Pagestead is a professional website site builder. Self-hosted and 100% white-label. This means that you own the reigns to the service, and if you are an agency, you can even set this up to create websites for your clients. Pagestead provides a superior experience via building your website via component blocks and is more robust and usable than even the best WordPress page builder plugin. If you’ve been trying to build client sites using a page builder in WordPress, you will appreciate a service like Pagestead.
Ghost is an open source blogging platform similar to WordPress in many respects. You can self-host it if you are more technically inclined but they have a hosted service as well. Ghost is very minimal and designed explicitly for blogging. It offers a superior SEO experience but is very stripped down when compared to WordPress. If you’ve been looking for a more blog-centric experience, Ghost might be right for you.
Medium is a blogging platform that does not offer self-hosted solutions, but instead has a community that is highly engaged and baked into the service. SEO is accounted for here, and if you’ve been looking for a platform that will make it easier to gain an audience for your blog. Medium might be the perfect choice for you.
Shopify is the gold standard in e-commerce solutions. They offer easy to set up storefronts with beautiful themes, plugins, and secure payments out of the box. WordPress is extremely extensible when it comes to e-commerce, and so is Shopify, but with Shopify, you don’t have to worry about processing secure payments on your site, or hosting your website. Instead, this is all handled by Shopify, which makes them a godsend for anyone who has been in charge of managing even a modest sized WordPress e-commerce website.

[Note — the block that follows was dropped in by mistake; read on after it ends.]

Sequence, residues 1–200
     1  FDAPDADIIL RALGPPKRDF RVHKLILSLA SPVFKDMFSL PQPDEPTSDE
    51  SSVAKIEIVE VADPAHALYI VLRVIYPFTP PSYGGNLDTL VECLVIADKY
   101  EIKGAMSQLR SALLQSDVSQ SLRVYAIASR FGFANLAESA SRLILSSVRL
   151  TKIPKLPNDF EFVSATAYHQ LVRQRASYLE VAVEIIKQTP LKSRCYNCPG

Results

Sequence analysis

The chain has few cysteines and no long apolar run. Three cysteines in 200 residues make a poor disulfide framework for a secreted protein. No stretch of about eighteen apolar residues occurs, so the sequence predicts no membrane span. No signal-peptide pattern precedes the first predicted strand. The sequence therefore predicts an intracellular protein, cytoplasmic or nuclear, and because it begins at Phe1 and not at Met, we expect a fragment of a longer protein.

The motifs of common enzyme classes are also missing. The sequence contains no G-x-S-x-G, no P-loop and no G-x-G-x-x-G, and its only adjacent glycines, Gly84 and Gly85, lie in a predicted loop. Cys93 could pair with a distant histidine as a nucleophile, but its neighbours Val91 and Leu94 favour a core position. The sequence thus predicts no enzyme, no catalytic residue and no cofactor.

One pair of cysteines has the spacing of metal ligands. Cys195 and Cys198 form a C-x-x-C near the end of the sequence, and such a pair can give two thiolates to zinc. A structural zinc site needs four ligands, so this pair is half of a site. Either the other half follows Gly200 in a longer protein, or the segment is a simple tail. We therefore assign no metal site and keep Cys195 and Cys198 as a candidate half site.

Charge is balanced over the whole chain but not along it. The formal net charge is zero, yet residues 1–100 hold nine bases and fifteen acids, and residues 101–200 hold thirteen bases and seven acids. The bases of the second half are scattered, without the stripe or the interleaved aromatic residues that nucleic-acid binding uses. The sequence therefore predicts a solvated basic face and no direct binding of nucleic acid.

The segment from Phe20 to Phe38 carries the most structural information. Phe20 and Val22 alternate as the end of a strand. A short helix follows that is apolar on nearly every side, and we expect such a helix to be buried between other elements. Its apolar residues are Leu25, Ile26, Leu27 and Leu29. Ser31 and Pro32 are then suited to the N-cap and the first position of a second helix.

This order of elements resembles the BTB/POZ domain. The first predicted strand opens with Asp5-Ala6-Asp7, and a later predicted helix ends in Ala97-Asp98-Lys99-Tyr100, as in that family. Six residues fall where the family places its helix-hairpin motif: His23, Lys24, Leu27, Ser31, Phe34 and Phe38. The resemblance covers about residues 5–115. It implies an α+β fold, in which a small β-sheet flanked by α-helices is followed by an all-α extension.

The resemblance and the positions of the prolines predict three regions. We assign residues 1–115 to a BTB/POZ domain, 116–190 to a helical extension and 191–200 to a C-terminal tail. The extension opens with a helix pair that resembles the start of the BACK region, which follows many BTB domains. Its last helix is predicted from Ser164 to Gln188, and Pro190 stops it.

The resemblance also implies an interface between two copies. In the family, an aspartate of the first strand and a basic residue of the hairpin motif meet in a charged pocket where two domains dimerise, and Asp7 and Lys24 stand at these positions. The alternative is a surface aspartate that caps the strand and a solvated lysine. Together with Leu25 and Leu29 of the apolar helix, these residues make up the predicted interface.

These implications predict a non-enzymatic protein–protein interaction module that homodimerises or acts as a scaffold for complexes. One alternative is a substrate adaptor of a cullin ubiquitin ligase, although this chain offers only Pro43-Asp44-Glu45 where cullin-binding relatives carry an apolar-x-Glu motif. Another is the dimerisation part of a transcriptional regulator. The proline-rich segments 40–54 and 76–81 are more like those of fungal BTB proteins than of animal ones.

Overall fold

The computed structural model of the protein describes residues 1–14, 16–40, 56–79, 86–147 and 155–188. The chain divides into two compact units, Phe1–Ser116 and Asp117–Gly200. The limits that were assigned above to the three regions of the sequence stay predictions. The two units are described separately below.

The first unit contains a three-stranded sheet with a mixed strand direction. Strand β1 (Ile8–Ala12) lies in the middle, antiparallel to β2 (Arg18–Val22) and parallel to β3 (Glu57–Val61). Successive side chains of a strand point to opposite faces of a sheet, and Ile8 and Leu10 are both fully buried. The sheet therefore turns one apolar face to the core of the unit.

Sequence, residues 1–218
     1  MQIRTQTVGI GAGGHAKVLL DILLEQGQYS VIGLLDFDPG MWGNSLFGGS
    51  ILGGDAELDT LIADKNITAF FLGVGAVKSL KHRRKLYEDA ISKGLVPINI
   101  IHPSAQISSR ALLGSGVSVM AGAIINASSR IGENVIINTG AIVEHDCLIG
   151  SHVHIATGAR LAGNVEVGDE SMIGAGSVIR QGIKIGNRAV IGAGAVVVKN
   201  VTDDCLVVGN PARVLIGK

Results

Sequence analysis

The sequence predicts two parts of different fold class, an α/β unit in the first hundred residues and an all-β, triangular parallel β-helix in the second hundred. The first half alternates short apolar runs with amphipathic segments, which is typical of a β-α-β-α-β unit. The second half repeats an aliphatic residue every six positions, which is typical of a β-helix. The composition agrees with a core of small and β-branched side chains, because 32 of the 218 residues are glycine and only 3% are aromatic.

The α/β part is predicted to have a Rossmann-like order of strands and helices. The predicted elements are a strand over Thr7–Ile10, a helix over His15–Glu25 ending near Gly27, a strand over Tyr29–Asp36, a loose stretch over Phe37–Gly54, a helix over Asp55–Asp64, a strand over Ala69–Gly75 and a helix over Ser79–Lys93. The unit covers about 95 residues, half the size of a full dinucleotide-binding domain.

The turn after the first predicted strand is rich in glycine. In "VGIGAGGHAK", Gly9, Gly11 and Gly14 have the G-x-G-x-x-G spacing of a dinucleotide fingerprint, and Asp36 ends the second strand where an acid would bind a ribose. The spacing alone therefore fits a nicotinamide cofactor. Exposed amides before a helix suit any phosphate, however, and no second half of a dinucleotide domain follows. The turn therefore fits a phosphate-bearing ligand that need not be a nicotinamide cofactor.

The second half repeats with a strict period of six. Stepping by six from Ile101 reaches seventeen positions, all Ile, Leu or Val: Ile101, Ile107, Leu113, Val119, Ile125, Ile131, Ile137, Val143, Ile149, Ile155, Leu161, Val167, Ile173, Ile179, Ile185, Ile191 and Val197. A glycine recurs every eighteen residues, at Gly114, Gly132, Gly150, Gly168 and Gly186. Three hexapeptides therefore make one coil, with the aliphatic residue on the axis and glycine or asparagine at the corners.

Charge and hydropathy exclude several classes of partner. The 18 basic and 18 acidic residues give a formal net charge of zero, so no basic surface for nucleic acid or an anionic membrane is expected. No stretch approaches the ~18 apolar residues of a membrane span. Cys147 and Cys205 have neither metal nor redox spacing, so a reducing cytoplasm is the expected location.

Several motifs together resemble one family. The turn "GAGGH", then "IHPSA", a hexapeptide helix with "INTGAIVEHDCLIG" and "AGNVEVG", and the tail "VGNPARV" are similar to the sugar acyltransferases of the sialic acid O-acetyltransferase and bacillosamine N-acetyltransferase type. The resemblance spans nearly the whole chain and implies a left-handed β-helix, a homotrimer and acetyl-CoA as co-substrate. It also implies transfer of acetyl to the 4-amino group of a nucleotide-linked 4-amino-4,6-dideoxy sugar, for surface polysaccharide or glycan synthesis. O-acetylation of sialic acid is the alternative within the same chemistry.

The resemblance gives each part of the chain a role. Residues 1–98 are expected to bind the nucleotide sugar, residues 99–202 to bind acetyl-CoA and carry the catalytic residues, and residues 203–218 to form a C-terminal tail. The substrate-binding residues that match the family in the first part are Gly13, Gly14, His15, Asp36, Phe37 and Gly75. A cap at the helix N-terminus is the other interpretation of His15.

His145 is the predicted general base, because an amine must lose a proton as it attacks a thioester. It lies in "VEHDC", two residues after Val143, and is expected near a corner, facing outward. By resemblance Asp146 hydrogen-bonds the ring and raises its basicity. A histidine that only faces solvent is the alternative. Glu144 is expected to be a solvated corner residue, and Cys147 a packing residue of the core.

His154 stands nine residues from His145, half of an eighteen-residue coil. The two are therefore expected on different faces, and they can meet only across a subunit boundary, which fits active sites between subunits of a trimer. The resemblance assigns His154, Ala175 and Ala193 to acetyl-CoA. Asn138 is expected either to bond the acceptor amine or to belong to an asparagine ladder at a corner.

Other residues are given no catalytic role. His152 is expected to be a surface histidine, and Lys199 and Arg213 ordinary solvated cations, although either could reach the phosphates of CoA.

WordPress websites power 30% of sites on the internet. And If you’re using self-hosted WordPress for a website, storefront, or a blog you’ve likely seen alternatives out and about in the market. We’ve gone over some of the alternatives in brief in this article, to give you an idea of your options.
WordPress has made it very easy to get up and to run with a website, even if you don’t have technical skills. It’s made a huge impact and deserves high praise for being an excellent platform for innovation and sharing. But that doesn’t mean it’s always the best option for your website. You may outgrow the plugin you’ve been using, or you might think about using your website in a way that would strain your existing hosting package. Whatever the reason, we hope we’ve given you some visibility into some great alternatives, and hope you see some potential there.
So why would you have any reason not to want to stay in the WordPress ecosystem where plugins and themes about, and there are simple and easy answers and solutions to any questions that might arise with great community support? Well, the answer should be simple. When a one size fits all solution isn’t the best way to go anymore.